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4 Cool & Casual Office Jackets (That’ll Beat A Stuffy Blazer At Work)

Silence your thoughts and let the words ‘office style’ sink in. Conjuring up images of a sad suit, a wishy-washy white shirt-and-blue tie combo and boring leather brogues? Most of us fall short in the office style department, caught working in a dresscode-drab office environment, which restricts how we can style ourselves for work. Then there’s trying to tackle work jackets for men, to blazer or not?

But times are changing (sartorially and seasonally). And, with winter on its way in (or out, depending what hemisphere you live) it’s never too early (or too late) to rearrange the simple things – namely, your jacket – to heat up your office style.

Just by flicking-off the blazer for a safari jacket, or teaming a bomber jacket with a waistcoat, you’ll soon look and feel like a purveyor of workplace style. The jacket is the easiest option to add some cool to corporate look too (you can take it off indoors so noone will ever know). That said, we’re giving you 4 men’s jackets that are casual in essence, but certainly office-ready.

As long as you keep the rest of the outfit – shirt, tie, and shoes – anchored in classic tailored style, you’ll still have a job come 5 o’clock. And maybe a few workplace fans too.

#1 The Field/Safari

Work Jackets For Men

You’d be right if you thought the safari jacket – inspired by gamekeepers’ uniforms – was what we were about to promote. You too, if you were claiming it’s a the field jacket pictured. Both are right definitions of the jacket above, and both can go so very wrong when worn – not on the savannah plains, but in the corporate jungle.

The perfect office slayer, the field/safari jacket is recognised for its 2, 3 or 4 front pocket design (depending on the label), its belted construction (when worn like a trench) or more blazer-esque when fitted snug on the shoulder and cutting torso sharp. Quilted varieties add a sense of heritage to the old-school casual coat, and olive is a nod to the field jackets military origins. Plus, dark green goes with everything, as does navy black and charcoal.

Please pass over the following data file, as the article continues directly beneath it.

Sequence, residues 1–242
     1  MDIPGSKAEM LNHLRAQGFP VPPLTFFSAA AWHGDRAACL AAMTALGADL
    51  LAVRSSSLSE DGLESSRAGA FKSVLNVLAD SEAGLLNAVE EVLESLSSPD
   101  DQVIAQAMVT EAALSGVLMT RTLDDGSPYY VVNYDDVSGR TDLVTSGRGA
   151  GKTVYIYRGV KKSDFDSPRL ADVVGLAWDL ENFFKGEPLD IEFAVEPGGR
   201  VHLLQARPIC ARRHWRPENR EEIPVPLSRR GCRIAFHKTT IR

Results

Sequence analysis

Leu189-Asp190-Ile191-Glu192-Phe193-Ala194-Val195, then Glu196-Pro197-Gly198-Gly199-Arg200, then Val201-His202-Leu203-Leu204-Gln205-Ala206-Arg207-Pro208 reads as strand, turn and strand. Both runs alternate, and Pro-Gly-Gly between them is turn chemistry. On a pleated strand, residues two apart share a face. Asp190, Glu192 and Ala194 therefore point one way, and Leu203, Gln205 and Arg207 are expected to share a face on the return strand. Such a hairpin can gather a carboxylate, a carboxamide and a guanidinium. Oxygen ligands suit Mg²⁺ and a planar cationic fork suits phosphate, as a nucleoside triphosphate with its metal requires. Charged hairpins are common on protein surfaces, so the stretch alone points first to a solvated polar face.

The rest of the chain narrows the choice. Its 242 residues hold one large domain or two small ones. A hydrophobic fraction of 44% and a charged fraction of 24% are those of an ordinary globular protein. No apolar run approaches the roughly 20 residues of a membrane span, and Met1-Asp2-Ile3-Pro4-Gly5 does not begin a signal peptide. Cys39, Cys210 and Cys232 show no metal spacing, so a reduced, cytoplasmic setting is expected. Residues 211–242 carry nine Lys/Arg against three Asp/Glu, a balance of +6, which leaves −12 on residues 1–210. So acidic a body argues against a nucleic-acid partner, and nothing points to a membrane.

For work, keep the details refined – minimal hardware and appendages – and make sure the length goes to where the hemline of the suit jacket would cut across the butt, if you were to sport one.

#2 The Mac/Rain Coat

Work Jackets For Men

The mac (heralding from the famous Mackintosh brand) has been de rigeur at the office for years now. But, it’s been poorly executed. The key to mac style is sticking to neutrals – grey, maroon, olive, navy, beige etc – and only wearing a single-breast design for a Scandinavian kick. Play around with heritage patterns, too (Prince of Wales check, dogtooth etc) and look to the latest trend in men’s coats – rain wear.

By opting for a rubberised cotton variety (as opposed to the waxy cotton material known to traditional macs) you’ll be looking even more Nordic-cool in the office. Wear open (unless its pouring and the rain requires protection), with a pair of tastefully cropped trousers, slightly chunky derbies and a crisp blue shirt.

#3 The Denim

Work Jackets For Men

The Americana denim jacket is much flexible than it used to be. It’s the most casual of all the jackets mentioned here, but can be played down when used as a ‘meat’ piece under a topcoat and over a crisp white shirt and silk tie. To make the most of denim, go lighter and wash for casual Fridays and a raw, selvedge indigo for a jacket that’s sturdy and dark and could – from a distance – pass as a woollen harrington or classic bomber.

Finally, keep the fit sharp and pair with navy trousers and brown shoes – Chelsea boots or brogues, making the most of tonal blue, with a natural brown base.

#4 The Bomber

Work Jackets For Men

Like the field jacket, the bomber’s military genesis has long been recruited by men, but in a more off-duty sense. Today, the bomber comes in much more luxurious fabrics and neutral colourways, meaning the former aviator garb is fighting fit for the office.

Layered over a crisp and clean shirt-and-tie combination, stick to dark colours (dark grey, navy or black) and in a natural, mid-weight fabric (cotton, wool or suede), so it sits securely. Avoid satiny, nylon fabrics for work and never zip-up the bomber up (unless it’s winter and you’re using the bomber as a layer under a topcoat), ensuing shirt collar and tie knot are exposed.

Finally, avoid colourful embroidery and embellishments, seen with souvenir jackets – as memorable as they are – should be kept in the pool room until the weekend.

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